Functional impact of colorectal cancer-associated mutations in the transcription factor E2F4
- Marie-Christine Paquin
- Caroline Leblanc
- Etienne Lemieux
- Benjamin Bian
- Nathalie Rivard
Affiliations: Department of Anatomy and Cellular Biology, Cancer Research Pavillon, Faculty of Medicine and Health Sciences, Université de Sherbrooke, Sherbrooke, Québec J1E4K8, Canada
- Published online on: October 8, 2013 https://doi.org/10.3892/ijo.2013.2131
Copyright: © Paquin
et al. This is an open access article distributed under the
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Commons Attribution License [CC BY_NC 3.0].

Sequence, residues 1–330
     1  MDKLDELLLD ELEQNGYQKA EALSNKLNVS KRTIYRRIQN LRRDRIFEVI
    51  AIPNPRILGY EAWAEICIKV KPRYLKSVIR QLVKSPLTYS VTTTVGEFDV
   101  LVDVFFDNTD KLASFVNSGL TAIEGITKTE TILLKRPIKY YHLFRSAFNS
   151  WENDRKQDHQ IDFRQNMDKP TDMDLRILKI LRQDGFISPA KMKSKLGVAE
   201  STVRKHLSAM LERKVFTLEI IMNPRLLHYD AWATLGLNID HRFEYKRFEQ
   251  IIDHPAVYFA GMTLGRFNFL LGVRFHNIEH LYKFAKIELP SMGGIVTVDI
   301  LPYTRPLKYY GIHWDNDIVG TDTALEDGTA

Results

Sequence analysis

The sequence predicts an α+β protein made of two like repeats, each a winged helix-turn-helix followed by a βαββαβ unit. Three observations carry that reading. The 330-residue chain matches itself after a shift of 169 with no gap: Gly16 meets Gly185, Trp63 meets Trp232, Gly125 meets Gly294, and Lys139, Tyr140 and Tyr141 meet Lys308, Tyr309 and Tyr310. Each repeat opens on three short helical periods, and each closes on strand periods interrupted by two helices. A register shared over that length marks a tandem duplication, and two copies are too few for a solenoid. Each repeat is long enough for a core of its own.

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The transcription factor E2F4 plays a critical role in cell cycle progression of normal and cancerous intestinal epithelial cells. Contrary to other E2Fs, the coding region of the E2F4 gene contains a longer spacer segment of a CAG trinucleotide repeat sequence encoding 13 consecutive serine residues, which is highly vulnerable to frameshift mutations in situations of genetic instability. Mutations in this region of the E2F4 gene have been observed in colorectal tumors with microsatellite instability. However, the effect of these changes on its function in colorectal cancer cells is currently unknown. We generated E2F4(CAG)12 and E2F4(CAG)14 mutants and compared their activity to the E2F4 wild-type, E2F4(CAG)13. Luciferase assays with the thymidine kinase-luc reporter gene revealed that the mutants were more transcriptionally active than wild-type E2F4. The mechanism of increased activity of E2F4 was primarily related to protein stability, due to a significantly enhanced half-life of E2F4 mutants comparatively to that of wild-type E2F4. However, the association with the pocket protein p130/RBL2 did not account for this increased protein stability. Sequencing analysis of the endogenous E2F4 gene in a series of colorectal cancer cell lines showed that the microsatellite-unstable cell line SW48 exhibited a serine deletion in this gene. Accordingly, E2F4 half-life was much more elevated in SW48 cells in comparison to Caco-2/15, a microsatellite-stable cell line. Notably, in soft-agar assays, both mutants more potently increased anchorage-independent growth in comparison to wild-type E2F4. In conclusion, our data demonstrate that cancer-associated E2F4 mutations enhance the capacity of colorectal cancer cells to grow without anchorage, thereby contributing to tumor progression.